Clearly the capability of the valve or combination of valves depends on the valve type and design; different valves will have different capabilities and associated costs. To distinguish a single valve from multiple ones, the inclusion of the word “modular” helps. Understanding the design and type of valves included (floating, downstream sealing ball valves or trunnion, upstream sealing ones) will then provide an indication of the further capabilities.
As the technology and concept became established, manufacturers began to introduce innovations. Most of these were concerned with squeezing three valves into the standard face-to-face dimensions of a single valve, thereby allowing the replacement of one valve with a modular implementation of three.
It is also important to consider the variety involved in a modular valve. There are three valves: the specifications of all three need to be considered, therefore the variety of potential combinations is simply staggering! Assume there are six basic process valve bore sizes to choose from, something like eight formats of valves (ball, ball, ball; ball, needle, ball etc.), eight pressure classes (up to 10,000 PSI), six types of connection (flange RF, RTJ, hub, welded etc.) as well as six possible sizes on both inlet and outlet, plus a variety of vent connection types and sizes (say 15).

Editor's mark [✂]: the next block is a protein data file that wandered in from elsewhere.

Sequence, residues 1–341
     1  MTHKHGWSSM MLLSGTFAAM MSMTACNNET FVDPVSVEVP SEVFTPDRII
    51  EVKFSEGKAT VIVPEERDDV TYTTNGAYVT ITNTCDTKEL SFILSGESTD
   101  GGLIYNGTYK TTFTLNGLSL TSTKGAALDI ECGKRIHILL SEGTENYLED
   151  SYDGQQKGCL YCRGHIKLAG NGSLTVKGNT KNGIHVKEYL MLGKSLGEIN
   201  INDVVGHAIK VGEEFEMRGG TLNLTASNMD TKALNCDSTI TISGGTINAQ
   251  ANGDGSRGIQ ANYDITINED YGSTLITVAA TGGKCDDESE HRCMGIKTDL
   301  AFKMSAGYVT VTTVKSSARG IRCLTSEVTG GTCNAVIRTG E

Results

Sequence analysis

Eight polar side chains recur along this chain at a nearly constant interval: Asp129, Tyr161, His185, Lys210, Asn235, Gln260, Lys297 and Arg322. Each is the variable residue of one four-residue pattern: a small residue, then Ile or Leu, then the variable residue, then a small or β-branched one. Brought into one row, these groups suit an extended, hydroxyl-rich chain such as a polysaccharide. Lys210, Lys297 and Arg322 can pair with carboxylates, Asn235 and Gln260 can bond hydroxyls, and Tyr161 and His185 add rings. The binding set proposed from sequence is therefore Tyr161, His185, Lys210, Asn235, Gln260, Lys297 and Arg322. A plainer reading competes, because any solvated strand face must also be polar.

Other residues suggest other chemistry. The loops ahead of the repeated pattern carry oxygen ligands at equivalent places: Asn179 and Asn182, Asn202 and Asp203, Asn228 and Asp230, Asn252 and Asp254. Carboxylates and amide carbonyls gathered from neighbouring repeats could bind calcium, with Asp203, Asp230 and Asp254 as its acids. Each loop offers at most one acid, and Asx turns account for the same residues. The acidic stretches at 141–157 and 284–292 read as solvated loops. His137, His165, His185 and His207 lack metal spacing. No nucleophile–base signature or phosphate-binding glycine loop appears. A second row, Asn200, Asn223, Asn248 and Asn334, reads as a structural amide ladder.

We’re now up to 7.4 million combinations before even considering materials. If we limit body, trim, seat, seals and bolting to 6 variations each (65=7,776 variations) we now have 58 billion possible combinations. It doesn’t stop there: material selection, NDE (the scope is unlimited), painting, special testing and so on. It’s hardly worth doing the calculations – for all practical purposes the number of variations can be considered infinite.
True, some combinations are unlikely, but the customised material specifications that are often required have not been considered either. In conclusion: the chances of having an existing configuration that matches new requirements are extremely low. Therefore valves are tailor-made, whereby the components required are unlikely to be in stock and almost certainly additional design work will be needed. This has a knock-on effect on lead-times and costs. The Alco XC range of valves was designed to address these issues. By using the concept of delayed customisation, some of the variation can be postponed in the production cycle which helps to deliver a degree of standardisation.